In a January interview with Fortune magazine, retired U.S. Army Brig. Gen. Thomas Kolditz said supporters of President Donald Trump who thought the Jan. 6 storming of the U.S. Capitol “was a good thing” need to be kicked out of the military.
“One of my bigger concerns is that there has long been a strong Trump following in the military,” Kolditz told Fortune. “People in the military have every right to be conservative or extremely conservative. But Trump’s supporters in the military who think that what happened [on Jan. 6] was a good thing need to be managed out of the military as soon as possible. That probably won’t happen until the Trump loyalists are out, but that needs to be done.”
Kolditz said rooting out “Trump loyalists” may entail pursuing thousands of service members and Department of Defense employees.
“We’re not talking about half a dozen people. We’re probably talking about thousands across the Department of Defense,” he said. “Many of them will have already run their mouth, put things on social media. But this was an insurgency, a crime against the state. And it’s a duty obligation of the defense leadership to make sure that there are no, essentially, sleeper cells, people in the military who, for whatever reason, think an insurgency is a good idea or justifiable.”
Kolditz’ comments were published on Jan. 8, just two days after demonstrators entered the Capitol building in Washington D.C. and clashed with police inside. The incident occurred as Trump called on supporters to join his protest to the 2020 election results. One police officer, Brian Sicknick, was killed after sustaining injuries during the clashes at the Capitol. Four more demonstrators died in connection with the incident, including Air Force veteran Ashli Babbitt, who was fatally shot by a Capitol Police officer.
Multiple active duty and retired military veterans were also identified at the Capitol during the Jan. 6 incident.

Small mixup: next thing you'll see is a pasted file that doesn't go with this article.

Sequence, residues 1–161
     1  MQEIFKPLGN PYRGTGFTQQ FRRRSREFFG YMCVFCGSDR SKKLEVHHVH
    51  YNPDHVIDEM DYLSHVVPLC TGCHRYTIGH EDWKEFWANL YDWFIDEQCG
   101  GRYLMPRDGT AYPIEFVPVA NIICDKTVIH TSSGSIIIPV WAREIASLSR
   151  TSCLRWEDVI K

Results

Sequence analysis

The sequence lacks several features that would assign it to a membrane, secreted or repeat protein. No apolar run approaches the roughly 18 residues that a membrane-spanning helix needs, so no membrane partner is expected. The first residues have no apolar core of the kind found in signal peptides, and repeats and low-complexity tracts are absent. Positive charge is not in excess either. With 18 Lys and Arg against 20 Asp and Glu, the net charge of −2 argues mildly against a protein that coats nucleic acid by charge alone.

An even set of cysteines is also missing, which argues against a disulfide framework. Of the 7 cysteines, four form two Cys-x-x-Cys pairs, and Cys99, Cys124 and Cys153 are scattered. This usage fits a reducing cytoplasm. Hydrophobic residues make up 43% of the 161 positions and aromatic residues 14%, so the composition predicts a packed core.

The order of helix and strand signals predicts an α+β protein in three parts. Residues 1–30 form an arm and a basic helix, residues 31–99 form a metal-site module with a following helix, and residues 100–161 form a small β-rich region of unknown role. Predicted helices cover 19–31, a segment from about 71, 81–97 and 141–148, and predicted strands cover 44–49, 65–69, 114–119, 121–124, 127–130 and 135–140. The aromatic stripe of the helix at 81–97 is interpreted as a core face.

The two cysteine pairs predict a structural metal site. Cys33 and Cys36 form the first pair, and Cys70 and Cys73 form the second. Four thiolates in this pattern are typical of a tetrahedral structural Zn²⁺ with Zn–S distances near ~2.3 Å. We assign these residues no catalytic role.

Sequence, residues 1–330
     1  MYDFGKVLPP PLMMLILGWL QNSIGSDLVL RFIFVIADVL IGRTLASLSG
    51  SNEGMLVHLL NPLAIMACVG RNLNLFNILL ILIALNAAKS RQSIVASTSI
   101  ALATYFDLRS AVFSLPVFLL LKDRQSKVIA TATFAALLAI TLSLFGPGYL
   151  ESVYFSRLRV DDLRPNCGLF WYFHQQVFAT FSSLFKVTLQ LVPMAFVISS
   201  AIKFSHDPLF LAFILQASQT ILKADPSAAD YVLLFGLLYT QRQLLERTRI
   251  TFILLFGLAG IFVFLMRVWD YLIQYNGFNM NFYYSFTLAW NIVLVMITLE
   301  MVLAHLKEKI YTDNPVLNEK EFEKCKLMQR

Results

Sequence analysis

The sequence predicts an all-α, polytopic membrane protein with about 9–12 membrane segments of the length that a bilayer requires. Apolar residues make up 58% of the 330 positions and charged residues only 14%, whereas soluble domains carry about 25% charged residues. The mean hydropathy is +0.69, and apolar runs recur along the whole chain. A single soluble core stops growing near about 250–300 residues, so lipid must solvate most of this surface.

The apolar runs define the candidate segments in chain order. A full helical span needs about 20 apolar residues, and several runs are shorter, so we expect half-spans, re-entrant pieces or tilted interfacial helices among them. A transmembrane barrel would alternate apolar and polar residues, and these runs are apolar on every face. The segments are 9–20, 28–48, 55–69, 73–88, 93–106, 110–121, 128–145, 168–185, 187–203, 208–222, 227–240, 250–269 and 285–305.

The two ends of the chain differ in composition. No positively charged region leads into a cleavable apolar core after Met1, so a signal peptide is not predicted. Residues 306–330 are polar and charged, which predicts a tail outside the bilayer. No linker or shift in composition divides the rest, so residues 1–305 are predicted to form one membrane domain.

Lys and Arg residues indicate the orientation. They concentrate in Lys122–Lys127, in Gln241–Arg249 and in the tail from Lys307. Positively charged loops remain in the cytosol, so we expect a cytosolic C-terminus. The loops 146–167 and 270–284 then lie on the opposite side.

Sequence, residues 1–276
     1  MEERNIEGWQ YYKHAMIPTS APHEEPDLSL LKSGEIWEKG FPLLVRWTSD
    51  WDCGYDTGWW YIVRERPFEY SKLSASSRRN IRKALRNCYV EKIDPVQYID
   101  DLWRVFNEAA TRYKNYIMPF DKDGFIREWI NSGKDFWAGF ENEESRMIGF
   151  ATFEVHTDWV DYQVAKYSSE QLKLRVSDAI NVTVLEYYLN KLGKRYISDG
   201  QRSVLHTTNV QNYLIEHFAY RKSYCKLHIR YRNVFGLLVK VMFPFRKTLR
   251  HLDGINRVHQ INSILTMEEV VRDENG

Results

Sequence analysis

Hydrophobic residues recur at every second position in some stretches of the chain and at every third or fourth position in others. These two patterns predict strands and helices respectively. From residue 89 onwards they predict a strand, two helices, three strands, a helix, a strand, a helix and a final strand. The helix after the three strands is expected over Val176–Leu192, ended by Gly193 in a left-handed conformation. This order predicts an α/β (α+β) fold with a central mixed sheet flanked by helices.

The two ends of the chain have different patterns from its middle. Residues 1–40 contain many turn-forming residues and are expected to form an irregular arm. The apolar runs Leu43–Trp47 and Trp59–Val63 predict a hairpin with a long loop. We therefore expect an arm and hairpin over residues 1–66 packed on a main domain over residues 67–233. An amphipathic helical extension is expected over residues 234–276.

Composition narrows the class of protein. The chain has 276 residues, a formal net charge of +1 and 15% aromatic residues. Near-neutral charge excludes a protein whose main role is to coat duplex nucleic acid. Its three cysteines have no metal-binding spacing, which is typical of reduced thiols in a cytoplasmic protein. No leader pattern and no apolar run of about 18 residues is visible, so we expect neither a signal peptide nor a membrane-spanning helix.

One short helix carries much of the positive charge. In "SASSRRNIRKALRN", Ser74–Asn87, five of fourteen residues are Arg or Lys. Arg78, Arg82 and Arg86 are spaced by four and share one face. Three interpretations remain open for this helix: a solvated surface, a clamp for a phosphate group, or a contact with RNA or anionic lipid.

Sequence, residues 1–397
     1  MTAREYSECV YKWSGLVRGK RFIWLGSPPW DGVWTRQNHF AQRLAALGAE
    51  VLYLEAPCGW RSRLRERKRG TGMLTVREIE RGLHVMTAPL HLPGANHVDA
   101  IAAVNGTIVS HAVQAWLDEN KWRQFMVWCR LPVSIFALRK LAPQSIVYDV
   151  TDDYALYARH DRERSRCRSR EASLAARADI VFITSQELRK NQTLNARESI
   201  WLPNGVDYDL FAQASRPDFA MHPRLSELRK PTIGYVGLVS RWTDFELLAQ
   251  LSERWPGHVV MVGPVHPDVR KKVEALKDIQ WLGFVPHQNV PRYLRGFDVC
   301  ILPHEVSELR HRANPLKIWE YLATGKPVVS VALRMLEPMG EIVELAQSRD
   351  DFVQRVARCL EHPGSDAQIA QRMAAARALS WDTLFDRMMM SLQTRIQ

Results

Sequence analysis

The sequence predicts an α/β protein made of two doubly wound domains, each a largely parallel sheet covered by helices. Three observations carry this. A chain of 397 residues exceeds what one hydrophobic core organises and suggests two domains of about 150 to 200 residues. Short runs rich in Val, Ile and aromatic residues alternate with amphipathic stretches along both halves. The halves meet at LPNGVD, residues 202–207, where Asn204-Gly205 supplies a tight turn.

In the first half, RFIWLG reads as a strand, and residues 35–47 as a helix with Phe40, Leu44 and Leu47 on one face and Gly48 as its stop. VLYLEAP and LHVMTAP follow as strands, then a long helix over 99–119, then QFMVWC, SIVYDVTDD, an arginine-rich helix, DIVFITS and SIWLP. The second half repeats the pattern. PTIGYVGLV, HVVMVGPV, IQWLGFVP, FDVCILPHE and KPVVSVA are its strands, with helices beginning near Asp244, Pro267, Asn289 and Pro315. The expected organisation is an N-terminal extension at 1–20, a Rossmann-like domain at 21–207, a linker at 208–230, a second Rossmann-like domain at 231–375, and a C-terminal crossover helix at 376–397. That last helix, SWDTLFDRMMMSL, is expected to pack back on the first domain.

Following the incident at the Capitol, 25,000 National Guard troops were brought to D.C. to provide added security and support for President Joe Biden’s inauguration. During the massive Guard deployment, the Department of Defense worked with the FBI to vet all of the troops arriving in the city. While then-acting Defense Secretary Chris Miller said there was no intel indicating an insider threat to the inauguration among the ranks, 12 guardsmen were removed from the inauguration support mission after the vetting process identified questionable behavior.
The Biden administration has begun to address the issue of extremism within the military’s ranks. On Wednesday, Secretary of Defense Lloyd Austin ordered a 60-day stand-down while the new Pentagon leadership is working to develop new training to address extremism in the ranks.
On Tuesday, Austin ordered the resignation of all board members on all 42 department advisory committees. The move came days after the Pentagon had announced it had halted processing several Trump appointees to the boards.
This article’s headline was updated to clarify that Kolditz was not referring to all Trump supporters.